The Georgian Group is the national charity for the preservation of our Georgian heritage.
Since we were founded in 1937, we have lobbied for heritage interests,
playing a key role in the post-war development of the statutory
protection regime for historic buildings and more recently arguing for
the removal of VAT on historic buildings repairs.
As a statutory consultee in the planning system, we are asked every
year to review around 7000 planning applications affecting listed
Georgian buildings. Casework of this kind remains our core business. It
embraces buildings of all types and in all regions of England and
Wales. It throws up all sorts of interesting challenges. Outright
demolitions are still among them; often we are a lone voice speaking up
for unlisted buildings, even for Grade II buildings that are not high
on anyone else's agenda. Alternatively, we may be faced with plans for
over-intensive development in the grounds of country houses, or
unsympathetic alterations to churches, or extensions that swamp the
host building. Then again we may be asked to look at plans to subdivide
buildings in ways that obscure, or even destroy, historic features.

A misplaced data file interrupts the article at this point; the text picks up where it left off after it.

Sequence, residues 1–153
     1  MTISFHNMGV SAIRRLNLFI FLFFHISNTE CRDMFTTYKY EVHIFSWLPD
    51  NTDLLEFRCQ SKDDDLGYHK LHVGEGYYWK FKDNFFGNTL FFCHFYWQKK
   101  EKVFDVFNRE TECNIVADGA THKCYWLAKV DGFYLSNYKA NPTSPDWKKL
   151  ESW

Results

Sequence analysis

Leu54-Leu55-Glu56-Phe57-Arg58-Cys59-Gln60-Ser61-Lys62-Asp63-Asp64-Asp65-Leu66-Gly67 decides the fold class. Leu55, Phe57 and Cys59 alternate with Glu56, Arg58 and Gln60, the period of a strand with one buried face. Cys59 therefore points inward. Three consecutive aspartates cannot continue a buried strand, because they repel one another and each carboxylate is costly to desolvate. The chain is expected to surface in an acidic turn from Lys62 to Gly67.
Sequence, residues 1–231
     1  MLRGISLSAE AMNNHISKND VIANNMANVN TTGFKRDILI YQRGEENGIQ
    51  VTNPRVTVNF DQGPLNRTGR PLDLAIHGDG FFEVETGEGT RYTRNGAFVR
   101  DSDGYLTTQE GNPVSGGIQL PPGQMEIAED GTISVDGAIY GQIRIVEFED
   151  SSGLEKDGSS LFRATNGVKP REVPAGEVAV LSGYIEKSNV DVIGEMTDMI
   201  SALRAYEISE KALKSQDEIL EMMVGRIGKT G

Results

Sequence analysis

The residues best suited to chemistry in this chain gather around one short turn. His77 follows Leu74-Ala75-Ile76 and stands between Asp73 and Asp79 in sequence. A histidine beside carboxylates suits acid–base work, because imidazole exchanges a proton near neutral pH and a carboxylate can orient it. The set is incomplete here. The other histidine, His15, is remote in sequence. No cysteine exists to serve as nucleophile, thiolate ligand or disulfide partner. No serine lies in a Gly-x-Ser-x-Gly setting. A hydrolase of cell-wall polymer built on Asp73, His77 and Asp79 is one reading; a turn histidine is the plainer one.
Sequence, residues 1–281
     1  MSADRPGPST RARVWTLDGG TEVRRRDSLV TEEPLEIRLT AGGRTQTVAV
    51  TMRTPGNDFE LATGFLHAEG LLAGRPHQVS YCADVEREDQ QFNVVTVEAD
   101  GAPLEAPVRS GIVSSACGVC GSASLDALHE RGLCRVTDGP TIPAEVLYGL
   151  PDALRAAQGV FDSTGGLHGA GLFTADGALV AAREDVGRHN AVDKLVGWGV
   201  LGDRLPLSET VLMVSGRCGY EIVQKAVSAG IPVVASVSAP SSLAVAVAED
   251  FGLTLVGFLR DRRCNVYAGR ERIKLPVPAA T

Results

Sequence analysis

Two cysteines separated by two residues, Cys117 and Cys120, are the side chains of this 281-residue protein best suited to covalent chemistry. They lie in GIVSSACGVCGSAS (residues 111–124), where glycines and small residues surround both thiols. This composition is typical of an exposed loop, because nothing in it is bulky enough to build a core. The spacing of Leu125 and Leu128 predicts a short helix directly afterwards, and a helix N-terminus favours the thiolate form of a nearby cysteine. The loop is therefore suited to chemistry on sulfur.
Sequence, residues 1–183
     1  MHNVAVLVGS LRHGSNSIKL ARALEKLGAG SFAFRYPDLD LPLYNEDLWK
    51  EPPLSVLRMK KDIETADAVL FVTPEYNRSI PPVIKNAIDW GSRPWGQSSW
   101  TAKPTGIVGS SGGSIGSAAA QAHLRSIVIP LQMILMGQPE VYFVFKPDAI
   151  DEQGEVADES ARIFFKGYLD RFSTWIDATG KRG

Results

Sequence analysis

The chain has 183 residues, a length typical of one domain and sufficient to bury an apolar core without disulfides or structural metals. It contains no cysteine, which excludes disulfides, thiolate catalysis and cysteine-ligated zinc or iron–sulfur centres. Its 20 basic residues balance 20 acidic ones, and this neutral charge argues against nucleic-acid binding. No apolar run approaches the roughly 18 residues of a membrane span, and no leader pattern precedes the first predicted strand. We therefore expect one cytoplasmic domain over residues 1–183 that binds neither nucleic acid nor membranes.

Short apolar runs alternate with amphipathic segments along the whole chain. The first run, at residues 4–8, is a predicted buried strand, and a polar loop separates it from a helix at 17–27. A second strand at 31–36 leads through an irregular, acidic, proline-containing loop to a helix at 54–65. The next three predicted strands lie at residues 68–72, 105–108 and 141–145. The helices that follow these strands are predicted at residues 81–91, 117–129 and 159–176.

Besides that there is the unthinking erosion of architectural detail
and, in another league again, brand new buildings that that in our view
diminish the special qualities of a Georgian neighbourhood.
In many instances we have made a difference – sometimes dramatically,
sometimes subtly, sometimes in ways not yet fully realised. All cases
are examined conscientiously and intelligently by our four dedicated
caseworkers. Because we have no formal power, simply a consultative
role, we operate by influence and have to be realistic. A passion for
preservation is always balanced by an understanding that the surest
route to long-term salvation for any building is for it to be in
With that in mind, we are careful to encourage those who wish to use
buildings sensitively, who aim to restore buildings, or who have
already invested the time, effort and money in doing so. For the past
thirty years, our Cleary Fund has provided small grants for restoration
schemes. Since 2003, through our annual Architectural Awards, we have
given public recognition to those who have shown the vision and
commitment to undertake exemplary restoration schemes. And we have
devoted resources to education, in an effort to instil in young people
an awareness of the built environment around them - and a sense of the
contribution made by historic buildings to the health of the
communities in which they live.